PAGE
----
Herman Andaya, the administer of the Maui Emergency Management Agency, resigned Thursday effective immediately.
His announcement came one day after he defended his decision to sound warning sirens ahead of this past week’s devastating wildfires on Maui. Hawaii has what it says is the largest system of outdoor alert sirens in the world. Maui itself has an 80-alarm all-hazard outdoor siren system.
That decision directed by Andaya, along with a shortages of water needed for firefighters and a vehicle-jammed escape route, drew angry criticism from many Maui residents as the combination created chaos amid the massive flames. At least 111 people died in the fires, and hundreds remain missing as recovery workers search the rubble.
The wildfires first erupted on the island early last Tuesday, August 8, fueled by fierce winds from Hurricane Dora in the Pacific. The town of Lahaina was hit the worst with the flames leaving little more than melted cars and scorched, skeletal remains of buildings.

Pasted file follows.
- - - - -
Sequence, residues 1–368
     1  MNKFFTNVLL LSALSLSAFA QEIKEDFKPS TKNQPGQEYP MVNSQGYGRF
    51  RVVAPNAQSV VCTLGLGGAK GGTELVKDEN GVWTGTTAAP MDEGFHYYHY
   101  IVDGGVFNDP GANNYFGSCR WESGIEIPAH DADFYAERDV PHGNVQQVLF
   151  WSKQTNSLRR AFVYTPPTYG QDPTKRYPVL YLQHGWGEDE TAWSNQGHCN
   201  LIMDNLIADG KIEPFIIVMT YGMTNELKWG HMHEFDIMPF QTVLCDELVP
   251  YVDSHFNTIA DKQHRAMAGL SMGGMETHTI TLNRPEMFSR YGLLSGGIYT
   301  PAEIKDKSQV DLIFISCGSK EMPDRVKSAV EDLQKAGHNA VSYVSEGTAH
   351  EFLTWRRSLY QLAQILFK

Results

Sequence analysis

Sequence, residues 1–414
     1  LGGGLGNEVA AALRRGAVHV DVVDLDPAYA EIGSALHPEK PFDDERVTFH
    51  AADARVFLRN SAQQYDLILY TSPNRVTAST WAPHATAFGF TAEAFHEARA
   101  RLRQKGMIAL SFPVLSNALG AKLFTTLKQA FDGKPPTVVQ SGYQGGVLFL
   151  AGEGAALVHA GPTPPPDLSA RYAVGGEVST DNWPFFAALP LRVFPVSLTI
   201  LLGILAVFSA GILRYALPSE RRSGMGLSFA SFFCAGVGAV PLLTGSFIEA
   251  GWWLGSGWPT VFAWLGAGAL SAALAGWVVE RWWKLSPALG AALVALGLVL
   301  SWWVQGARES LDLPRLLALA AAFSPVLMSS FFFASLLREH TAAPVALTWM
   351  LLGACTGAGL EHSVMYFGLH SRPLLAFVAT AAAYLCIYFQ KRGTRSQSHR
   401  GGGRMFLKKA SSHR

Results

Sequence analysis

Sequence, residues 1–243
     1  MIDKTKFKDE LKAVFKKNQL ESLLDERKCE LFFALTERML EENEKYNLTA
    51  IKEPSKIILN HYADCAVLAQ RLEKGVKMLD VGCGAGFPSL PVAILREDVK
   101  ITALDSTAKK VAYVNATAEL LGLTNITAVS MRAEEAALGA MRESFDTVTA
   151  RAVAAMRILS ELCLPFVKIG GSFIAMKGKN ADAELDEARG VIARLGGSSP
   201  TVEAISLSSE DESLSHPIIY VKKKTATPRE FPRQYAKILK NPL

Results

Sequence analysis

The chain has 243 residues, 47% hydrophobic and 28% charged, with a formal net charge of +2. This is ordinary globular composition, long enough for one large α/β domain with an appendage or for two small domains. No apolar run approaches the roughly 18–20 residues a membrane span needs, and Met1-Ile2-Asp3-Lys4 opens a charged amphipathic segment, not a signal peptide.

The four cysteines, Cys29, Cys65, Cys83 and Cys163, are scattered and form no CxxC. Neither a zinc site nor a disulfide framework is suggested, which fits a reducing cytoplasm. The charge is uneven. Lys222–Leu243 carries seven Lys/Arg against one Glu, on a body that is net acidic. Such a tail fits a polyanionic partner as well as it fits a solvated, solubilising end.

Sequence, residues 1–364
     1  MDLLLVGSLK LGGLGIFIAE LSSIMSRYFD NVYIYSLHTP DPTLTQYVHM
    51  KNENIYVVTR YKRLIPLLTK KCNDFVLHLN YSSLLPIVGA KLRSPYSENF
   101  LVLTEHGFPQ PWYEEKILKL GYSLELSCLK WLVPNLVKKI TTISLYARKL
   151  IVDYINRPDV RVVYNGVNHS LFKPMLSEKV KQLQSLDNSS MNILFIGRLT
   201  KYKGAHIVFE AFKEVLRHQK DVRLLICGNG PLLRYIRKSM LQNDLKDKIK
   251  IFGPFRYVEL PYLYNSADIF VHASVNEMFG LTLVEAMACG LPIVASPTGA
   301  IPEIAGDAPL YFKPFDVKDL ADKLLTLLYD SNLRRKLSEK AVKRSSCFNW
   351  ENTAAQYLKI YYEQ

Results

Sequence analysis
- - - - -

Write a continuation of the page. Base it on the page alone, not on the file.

At a news conference Wednesday, Andaya said he did not regret leaving the alarms silent, insisting that they would have sent many residents inland, meaning they “would have gone into the fire.”
Sen. Angus McKelvey (D), who represents Lahaina, scoffed at that argument. “I’ve heard the line that ‘people would have panicked and ran up to the mountains because it’s a tsunami siren.’…It’s insulting to think that people would be that clueless, that they wouldn’t know that sirens blasting was because of the fire,” he told CNN. “These are not tsunami sirens. They’re disaster sirens.”
Maui Mayor Richard Bissen accepted Andaya’s resignation, adding, “Given the gravity of the crisis we are facing, my team and I will be placing someone in this key position as quickly as possible.”
Though Andaya cited health reasons for his resignation, neither he or any other Maui or Hawaiian authorities have gone into detail regarding them.
Andaya is not the only one facing criticism. Several Lahaina residents have filed lawsuits in state court against Hawaiian Electric, asserting that its equipment was not strong enough to withstand the Hurricane-force winds and that the company should have known to shut down power before they arose.
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